The Card Player Review


Dario Argento remains one of the most intiguing filmmakers around. Since 1969, with the release of his debut feature The Bird with the Crystal Plumage, he has continued to both enthrall and baffle audiences for more than 30 years. After the enjoyable but somewhat less than groundbreaking giallo that was 2001's Non Ho Sonno ("Sleepless" to most English-speaking audiences), he has once again released a thriller in the classic "whodunnit" style: Il Cartaio ("The Card Player").

A madman is on the loose in Rome, kidnapping young women. Thanks to the wonderful world of the world wide web, he has set up a webcam system and, every time he captures a new victim, challenges the Rome police to games of online video poker. Each game lasts for three rounds and, for every round that the police lose, he will amputate a part of the victim's body. At the end of the three rounds, if the police lose, the girl dies. Enter John Brennan (Liam Cunningham), a tough-talking, foul-mouthed, alcoholic policeman from Ireland. Previously a top detective in London, he was consigned to working at the British embassy in Rome after killing two people, including a minor, in a hostage situation. Brennan's on the case, and he means business. He teams up with Anna Mari (Stefania Rocca), a no-nonsense Italian detective, and the two set about tracking down the mysterious Card Player. On the way, of course, they must play various games of video poker in an attempt to save his various victims. The stakes are raised, however, when the police chief's (Adalberto Maria Merli) own daughter (Fiore Argento) is abducted, and it becomes clear that the Card Player knows more about Anna than she would like.

The Card Player was initially developed as a vehicle for Dario Argento's daughter Asia, with her reprising her role of Anna Manni from The Stendhal Syndrome. These plans fell apart, however, when Asia departed for Hollywood to star in films like XXX, meaning that the story had to be greatly revised and the role recast. Stefania Rocca takes over the role of Anna (surname altered to Mari), and she is given a completely different history. Her father was a gambler who commited suicide by jumping in front of a train before her very eyes, so the world of video poker and playing for the victims' lives has a personal significance for her. Rocca handles the part well, giving a likeable and believable performance. Liam Cunningham has his work cut out: he's playing a stereotype, but he plays it well. His performance is energetic and at times touching, and the fact that neither Rocca or Cunningham were post-dubbed (a major change from Argento's usual way of working) gives their performances a credibility that is usually lacking in these films. Unfortunately, the rest of the cast are dubbed, resulting in some very inconsistent performances. As with Non Ho Sonno, some of the voices are well-chosen and performed, whereas others are over the top and don't match the appearances or performances of the on-screen actors. Also, while the dialogue is relatively good, there are some appalling lines scattered here and there (my favourite being when the police chief points ominously at the computer screen and announces: "We'll get you!"). That said, when I saw it at the Glasgow Film Theatre, two highly immature twentysomething females spent the entire film laughing at things that were quite blatantly not funny. Takes all sorts, I suppose.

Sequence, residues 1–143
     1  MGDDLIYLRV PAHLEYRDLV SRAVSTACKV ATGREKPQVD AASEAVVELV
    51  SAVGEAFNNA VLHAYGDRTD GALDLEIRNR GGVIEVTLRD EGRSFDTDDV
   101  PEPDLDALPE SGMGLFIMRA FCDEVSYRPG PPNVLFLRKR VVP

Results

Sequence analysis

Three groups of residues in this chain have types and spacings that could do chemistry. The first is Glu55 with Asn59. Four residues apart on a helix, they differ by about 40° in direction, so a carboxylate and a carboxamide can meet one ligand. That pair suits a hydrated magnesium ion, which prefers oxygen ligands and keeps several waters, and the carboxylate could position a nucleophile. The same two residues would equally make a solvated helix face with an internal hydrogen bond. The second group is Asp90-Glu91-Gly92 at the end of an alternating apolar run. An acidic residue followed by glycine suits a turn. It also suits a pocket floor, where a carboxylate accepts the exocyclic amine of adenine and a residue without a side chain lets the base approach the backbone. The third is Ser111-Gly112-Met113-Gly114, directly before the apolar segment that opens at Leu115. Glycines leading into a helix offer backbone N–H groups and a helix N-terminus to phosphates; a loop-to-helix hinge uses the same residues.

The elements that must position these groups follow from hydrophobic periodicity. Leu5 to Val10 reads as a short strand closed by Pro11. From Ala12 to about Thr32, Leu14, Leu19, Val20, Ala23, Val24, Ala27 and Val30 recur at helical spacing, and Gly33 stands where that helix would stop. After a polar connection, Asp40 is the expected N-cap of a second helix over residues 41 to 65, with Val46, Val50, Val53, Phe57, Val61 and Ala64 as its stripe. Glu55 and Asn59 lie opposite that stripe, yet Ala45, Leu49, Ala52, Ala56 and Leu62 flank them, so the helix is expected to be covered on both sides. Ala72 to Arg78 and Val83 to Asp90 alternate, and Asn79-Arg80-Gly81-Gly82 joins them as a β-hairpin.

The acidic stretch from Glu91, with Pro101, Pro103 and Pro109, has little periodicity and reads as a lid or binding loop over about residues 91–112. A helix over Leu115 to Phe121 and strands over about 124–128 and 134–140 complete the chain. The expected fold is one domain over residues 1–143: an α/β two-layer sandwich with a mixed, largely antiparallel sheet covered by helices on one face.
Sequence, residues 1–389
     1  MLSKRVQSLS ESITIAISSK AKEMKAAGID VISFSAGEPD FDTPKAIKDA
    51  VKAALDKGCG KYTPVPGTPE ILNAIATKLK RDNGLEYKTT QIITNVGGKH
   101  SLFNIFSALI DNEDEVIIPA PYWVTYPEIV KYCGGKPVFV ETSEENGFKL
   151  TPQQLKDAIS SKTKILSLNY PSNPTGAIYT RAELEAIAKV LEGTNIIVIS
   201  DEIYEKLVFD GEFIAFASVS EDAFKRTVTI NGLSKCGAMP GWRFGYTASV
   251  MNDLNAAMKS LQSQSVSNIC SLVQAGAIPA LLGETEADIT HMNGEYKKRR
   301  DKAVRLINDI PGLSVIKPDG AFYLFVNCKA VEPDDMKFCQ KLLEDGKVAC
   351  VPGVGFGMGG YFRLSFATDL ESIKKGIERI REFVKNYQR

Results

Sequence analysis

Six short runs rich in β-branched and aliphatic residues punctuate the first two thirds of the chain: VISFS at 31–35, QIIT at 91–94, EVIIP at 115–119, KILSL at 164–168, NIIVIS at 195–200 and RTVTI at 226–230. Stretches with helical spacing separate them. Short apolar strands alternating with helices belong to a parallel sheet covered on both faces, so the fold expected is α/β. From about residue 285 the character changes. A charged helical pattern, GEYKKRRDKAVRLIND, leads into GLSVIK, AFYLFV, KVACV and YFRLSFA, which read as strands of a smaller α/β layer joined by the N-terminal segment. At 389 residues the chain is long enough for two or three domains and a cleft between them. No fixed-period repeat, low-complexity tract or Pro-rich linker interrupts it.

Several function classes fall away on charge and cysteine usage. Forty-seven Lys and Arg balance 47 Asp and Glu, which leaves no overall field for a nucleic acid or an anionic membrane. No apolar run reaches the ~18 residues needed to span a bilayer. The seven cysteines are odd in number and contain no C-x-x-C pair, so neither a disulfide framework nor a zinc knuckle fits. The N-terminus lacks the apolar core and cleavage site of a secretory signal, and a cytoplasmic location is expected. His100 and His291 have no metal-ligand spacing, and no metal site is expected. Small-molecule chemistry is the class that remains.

The issue of the internet as a plot device was always going to be a contentious one, but The Card Player is actually the first film I have seen that has actually presented computers and the internet in anything approaching a remotely believable manner. Although there are a few cringe-inducing moments, the worst being a scene where the Card Player uploads a virus and the police hackers' displays disintegrate in highly ludicrous animation, by and large Argento sticks to the rules and creates an environment where computers don't do things they wouldn't in real life.

The Card Player is a very tense thriller, but it lacks Argento's trademark visual flair. The photography, by Irreversible cinematographer Benoit Debie, is glossy and efficient, but disappointing given Argento's track record. The film more than makes up for it, however, by being well-paced and at times extremely gripping. Argento has always been king of the tense set-piece situations, and he outdoes himself here with a lengthy and nailbiting scene when the killer breaks into Anna's house in the dead of night. Although the film is somewhat lacking in on-screen gore, what is implied off-screen is at times very unsettling, and the grainy web-cam footage of the various terrified, screaming women is a good deal more powerful, in my opinion, than explicit blood and guts would be. The various dead nude corpses, all completely prosthetic, are also extremely well-done: some of Sergio Stivaletti's best work to date. Goblin veteran Claudio Simonetti's score is also very enjoyable, suitably tense and with a very catchy main title theme.

Overall, The Card Player is not a groundbreaking film at all, but it is an enjoyable one and represents a slightly different direction for Dario Argento: a slightly more mainstream piece, but still with enough of his signature styles to distance it from the hordes of generic thrillers out there. Highly recommended, if you can actually find it playing anywhere.

Trivia: Dario Argento's daughter Fiore Argento plays the role of the police chief's daughter, Lucia. A highly regarded fashion designer, she also designed her own costumes for the film.

Overall

7

out of 10

Last updated: 23/06/2018 06:50:18

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